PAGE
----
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Wednesday
Jan212009

1.21.09 Baked Good of the Day: Vegan Russian Teacakes from PCC

Vegan Russian Teacake
I love these cookies. Whether they're called snowballs, Mexican Wedding Cakes, Armenian sugar cookies or whatever--I love them.

I found this variation--the vegan Russian Teacake--at PCC. I can't be sure, but it *might* be from Flying Apron. It was a crumbly and slightly messy cookie, but the sandy, sugary, nutty taste was pure deliciousness. With a touch of salt (so important to sweets!) it was nicely balanced; in fact, I liked this cookie so much I went back for a second one. As for the vegan aspect, to be honest, if it hadn't been labeled as such, I probably would not have known that it lacked dairy; certainly there was nothing lost flavorwise.

Vegan Russian Teacake from PCC in Fremont.

Sunday
Jan182009

Cakewalk Special: Baltimore Picks from B More Sweet

Cupcakes from Perfect Cupcakes, c/o Bmoresweet

Cakespy Note: This is a guest post from Cake Gumshoe B More Sweet, Baltimore's authority on all things sweet!

Oh, Baltimore, that rascal of a city. While some may be deterred by its abnormally high murder rate, please, don't pass Charm City by--because it really does have a certain je ne sais quoi--among other things, it is the home of John Waters, the birthplace of the Berger Cookie, final resting place of Edgar Allan Poe, and of course, home to so many wonderful bakeries. Recently our buddy and Baltimore sweets afficionado friend, Cake Gumshoe B More Sweet put together of her Baltimore picks for us: 

(unless otherwise noted, all photos c/o B More Sweet)

  strawberry/vanilla & chocolate/chocolate cupcake
(photo of Warren Brown cupcakes--from the DC location, but you get the idea-- c/o How to Eat a Cupcake)
Cake Love: Fabulous, with the stupendous Warren Brown at the helm. What's not to love about a former Justice Dept attorney gone renegade baker who got his own TV show? A cool, hip, retro vibe in this sleek store selling old-fashioned cakes and cupcakes as well as vegan treats. Here they're all about the taste - no overwrought hyperventilating decoration goes on at Cake Love. Online at cakelove.com.

 

Charm City Cakes: Duff Goldman of Food TV Network's Ace of Cakes holdeth forth here. It's not a bakery you can walk into, but makes special-event and cakes for occasions. However, Duff and his crew are SO FANTASTIC that I'm sure with prior arrangements you can get yerselves in there. Duff's cakes are awesome. Online at charmcitycakes.com.

as for a cupcake interlude...


Charm City Cupcakes: This is a girlie girlie pink store (think Lily Pulitzer) selling extremely sweet, frosting-laden cupcakes in a variety of rotating flavors. Online at charmcitycupcakes.com.

Perfect Cupcakes, c/o Bmoresweet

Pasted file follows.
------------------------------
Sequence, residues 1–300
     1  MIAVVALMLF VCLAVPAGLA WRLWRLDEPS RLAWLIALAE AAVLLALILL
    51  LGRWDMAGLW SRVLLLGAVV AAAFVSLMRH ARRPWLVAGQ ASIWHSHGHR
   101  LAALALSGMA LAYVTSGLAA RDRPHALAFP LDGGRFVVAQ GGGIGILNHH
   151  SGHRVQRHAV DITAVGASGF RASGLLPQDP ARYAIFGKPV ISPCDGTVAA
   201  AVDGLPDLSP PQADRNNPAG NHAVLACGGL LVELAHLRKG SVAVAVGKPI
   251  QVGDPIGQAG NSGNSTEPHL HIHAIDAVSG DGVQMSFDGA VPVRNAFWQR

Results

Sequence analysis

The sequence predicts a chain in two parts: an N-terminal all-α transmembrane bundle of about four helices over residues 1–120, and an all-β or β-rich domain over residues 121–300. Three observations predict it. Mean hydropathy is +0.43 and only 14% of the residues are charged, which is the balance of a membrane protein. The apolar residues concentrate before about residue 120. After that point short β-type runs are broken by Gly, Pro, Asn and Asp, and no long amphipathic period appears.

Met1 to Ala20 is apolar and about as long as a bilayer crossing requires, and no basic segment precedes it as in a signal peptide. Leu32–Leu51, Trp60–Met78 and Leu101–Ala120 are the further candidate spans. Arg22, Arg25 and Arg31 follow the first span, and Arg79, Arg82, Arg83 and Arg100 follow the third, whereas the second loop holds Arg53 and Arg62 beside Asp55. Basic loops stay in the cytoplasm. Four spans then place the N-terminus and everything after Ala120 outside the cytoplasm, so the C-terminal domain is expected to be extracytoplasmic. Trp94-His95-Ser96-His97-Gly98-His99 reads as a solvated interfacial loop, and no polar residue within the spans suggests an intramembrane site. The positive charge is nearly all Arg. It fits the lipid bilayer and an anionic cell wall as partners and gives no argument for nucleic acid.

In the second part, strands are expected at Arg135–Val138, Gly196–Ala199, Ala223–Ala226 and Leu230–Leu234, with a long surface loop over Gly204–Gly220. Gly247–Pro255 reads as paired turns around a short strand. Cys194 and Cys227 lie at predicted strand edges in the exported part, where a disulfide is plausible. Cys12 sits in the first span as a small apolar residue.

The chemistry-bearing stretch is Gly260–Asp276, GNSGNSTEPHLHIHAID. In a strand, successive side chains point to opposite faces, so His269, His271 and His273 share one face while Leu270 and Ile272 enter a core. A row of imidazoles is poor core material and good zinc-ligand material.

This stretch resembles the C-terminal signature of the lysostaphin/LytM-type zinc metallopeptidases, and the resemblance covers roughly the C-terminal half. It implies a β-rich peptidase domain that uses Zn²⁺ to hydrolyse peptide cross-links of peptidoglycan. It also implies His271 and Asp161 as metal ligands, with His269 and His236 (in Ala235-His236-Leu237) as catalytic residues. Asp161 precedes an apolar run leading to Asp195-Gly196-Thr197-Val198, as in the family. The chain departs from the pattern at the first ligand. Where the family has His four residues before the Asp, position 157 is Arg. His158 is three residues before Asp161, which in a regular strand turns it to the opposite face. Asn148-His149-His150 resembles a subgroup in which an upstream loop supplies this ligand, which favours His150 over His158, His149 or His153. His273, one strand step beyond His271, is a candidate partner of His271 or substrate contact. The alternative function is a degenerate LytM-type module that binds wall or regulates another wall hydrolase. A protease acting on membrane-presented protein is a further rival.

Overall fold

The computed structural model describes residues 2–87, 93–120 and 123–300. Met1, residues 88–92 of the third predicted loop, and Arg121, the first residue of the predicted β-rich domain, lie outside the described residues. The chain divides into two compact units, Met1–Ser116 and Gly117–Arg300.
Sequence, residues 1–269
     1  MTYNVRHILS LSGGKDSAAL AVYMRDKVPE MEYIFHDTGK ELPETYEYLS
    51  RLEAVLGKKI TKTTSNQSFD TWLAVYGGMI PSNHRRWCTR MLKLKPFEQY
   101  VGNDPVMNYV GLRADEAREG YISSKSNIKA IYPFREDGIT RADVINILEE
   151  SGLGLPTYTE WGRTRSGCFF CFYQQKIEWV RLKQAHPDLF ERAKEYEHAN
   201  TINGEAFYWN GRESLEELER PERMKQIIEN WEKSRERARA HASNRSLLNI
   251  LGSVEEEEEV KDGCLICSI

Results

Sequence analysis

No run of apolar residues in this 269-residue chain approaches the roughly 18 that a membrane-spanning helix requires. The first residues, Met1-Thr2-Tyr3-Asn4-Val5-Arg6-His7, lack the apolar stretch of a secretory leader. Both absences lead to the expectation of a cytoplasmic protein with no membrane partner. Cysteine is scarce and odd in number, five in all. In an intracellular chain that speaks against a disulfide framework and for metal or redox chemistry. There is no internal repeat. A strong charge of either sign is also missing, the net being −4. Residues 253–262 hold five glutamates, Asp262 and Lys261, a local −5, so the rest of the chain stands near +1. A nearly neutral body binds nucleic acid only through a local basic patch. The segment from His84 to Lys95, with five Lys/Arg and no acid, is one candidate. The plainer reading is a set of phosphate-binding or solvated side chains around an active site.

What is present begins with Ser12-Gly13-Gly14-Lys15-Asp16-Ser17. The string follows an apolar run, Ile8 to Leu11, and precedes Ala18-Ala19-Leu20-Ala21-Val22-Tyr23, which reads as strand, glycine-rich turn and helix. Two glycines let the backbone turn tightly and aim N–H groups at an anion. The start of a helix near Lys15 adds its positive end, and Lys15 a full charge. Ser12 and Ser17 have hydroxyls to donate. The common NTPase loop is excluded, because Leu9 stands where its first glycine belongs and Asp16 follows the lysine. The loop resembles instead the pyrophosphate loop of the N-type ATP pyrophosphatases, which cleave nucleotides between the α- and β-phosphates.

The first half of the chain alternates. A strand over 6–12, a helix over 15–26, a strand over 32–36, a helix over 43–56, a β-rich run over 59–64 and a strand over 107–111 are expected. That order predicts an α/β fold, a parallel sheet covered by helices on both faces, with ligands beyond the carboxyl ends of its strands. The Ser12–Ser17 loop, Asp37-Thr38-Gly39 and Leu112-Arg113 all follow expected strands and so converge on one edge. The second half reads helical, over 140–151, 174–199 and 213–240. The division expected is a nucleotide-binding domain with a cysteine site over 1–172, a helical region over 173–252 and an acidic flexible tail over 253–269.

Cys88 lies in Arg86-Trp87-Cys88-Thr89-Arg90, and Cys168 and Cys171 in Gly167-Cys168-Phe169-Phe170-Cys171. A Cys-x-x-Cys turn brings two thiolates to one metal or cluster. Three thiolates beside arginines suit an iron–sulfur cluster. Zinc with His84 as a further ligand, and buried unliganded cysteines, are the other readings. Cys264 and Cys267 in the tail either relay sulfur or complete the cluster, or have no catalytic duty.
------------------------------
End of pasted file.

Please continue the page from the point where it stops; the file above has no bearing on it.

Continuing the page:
Perfect Cupcakes: Catherine Hamilton brings her adorable mobile bakery truck operation to Baltimore's Inner Harbor, where in warm-enough weather she sells delicious cupcakes with beautiful minimalist designs (see top photo). Online at perfectcupcakes.com .

 

getting Frenchy...

Patisserie Poupon: For a decadent, TOTALLY awesome traditional French bakery, you can't skip the venerable Patisserie Poupon. How traditional are they? NO REAL WEBSITE! Located at 820 E Baltimore Street, in a kind of iffy, fringe-y location. In other words, authentic. For my money, this is the best patisserie in Baltimore. But go early - the best goodies sell out tres vite. Click here for more info.

 

Bonaparte Bread, C/O bmoresweet
Bonaparte Breads: My heart belongs (also, because I am fickle) to Bonaparte Breads, 903 S. Ann Street, in Fell's Point (itself a fun, funky neighborhood full of bars.) This gleaming little spot is a definite go-to for croissants, plain or flavored. You won't find cupcakes here, but instead all manner of butter-laden French pastries and warming, delicious breads. Click here for more info.

 

what about Italian treats? 
Vaccaro's, c/o Bmoresweet
Vaccaro's Pastry: We are blessed with fantastic Italian bakeries. "Even though it's famous, it's still great" should be the motto for Vaccaro's, with several locations around the city. My favorite is in Canton (yet another hip, trendy neighborhood!) This is the spot for cannoli, Italian cookies, and homemade gelato. Online at vaccarospastry.com.

Piedigrotta Bakery, Baltimore, Photo c/o Bmoresweet
Piedigrotta Bakery: Less famous but equally delicious is Piedigrotta, which is conveniently located next to the hippest bowling alley in Baltimore. And my favorite thing about Piedigrotta is that the baker will waste no time in telling you that he is THE originator of tiramisu. Throughout the history of the world, this baker is the originator of tiramisu. Just ask him! Online at piedigrottabakery.com.

 

And for candies, confections and chocolates? 


Louis J Rheb Creams
(photo c/o rhebcandy.com)
Louis J. Rheb: The unparallelled un-toppable Louis J. Rheb Company, where they still make all the chocolates by hand, don't do any foo-fooey crap, and where the Lucy and Ethel candy factory scene was actually shot! They still make everything in the basement at 3352 Wilkens Avenue. You will never eat a chocolate buttercream from anywhere else in the WORLD, including Switzerland, once you've eaten a Rheb's chocolate buttercream. Online at rhebcandy.com.

 

Cacao Lorenzo